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The best known type of mescal is tequila, which is made from cultivated "blue agave," Agave tequiliana Weber Gentry By contrast, mescalbean is the seed of the mountain laurel, a small tree in the legume or bean family. Unfortunately, the term mescalbean is imbedded in the literature. Therefore during this discussion, I will follow the example set by Merrill and refer to the seed as a mescalbean, but I will refer to the tree as a mountain laurel.

Fruit pods from the mountain laurel and mescalbeans are ubiquitous throughout the dry archeological deposits of the Lower Pecos Canyonlands Dering ; Irving Radiocarbon dates from Hinds Cave, indicate that mescalbeans were brought into the shelters in the Lower Pecos region at least as early as 6, years ago and probably much earlier.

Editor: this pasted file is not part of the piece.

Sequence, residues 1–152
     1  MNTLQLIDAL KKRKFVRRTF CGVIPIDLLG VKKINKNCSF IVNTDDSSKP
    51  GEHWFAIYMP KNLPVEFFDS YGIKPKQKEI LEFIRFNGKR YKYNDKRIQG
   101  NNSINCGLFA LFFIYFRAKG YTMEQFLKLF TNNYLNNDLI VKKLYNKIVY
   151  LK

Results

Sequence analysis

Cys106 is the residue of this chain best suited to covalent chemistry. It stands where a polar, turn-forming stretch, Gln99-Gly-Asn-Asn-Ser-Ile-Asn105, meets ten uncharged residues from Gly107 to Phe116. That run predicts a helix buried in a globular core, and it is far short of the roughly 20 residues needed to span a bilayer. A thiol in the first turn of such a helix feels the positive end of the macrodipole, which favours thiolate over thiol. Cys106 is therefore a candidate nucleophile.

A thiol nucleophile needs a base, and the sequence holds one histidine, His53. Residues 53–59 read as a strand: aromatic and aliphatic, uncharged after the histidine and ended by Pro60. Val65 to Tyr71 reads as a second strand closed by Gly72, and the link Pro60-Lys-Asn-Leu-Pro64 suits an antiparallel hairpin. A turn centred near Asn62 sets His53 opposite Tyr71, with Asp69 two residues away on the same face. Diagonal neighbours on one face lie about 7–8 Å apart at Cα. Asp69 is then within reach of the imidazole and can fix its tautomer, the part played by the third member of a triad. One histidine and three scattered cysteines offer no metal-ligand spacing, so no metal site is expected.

Mescalbeans have been recovered from several rockshelters to the east in Edwards County. Cueva Candelaria, in the southwestern corner of Coahuila, contains necklaces made of bone and unidentified seeds that resemble discolored mescalbean seeds Arroyo de Anda et al. Although most of the mescalbeans and pods occur widely in the midden, or trash deposits of archeological sites in the region of southwestern Texas, they have been noted in more specific contexts. For example, a buckskin loincloth decorated with mescalbeans was recovered from Murrah Cave Holden ; Boyd Another discovery attests to the importance of these seeds in the ancient culture of the region.

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This is illustrated by their presence in a carefully buried bag from Horseshoe Ranch Cave in southern Val Verde County. This bag contained mescalbeans and Mexican buckeye seeds, both poisonous, as well as a flintknapper's tools, jackrabbit mandibles, fiber, sinew, a buckskin thong, and red ochre.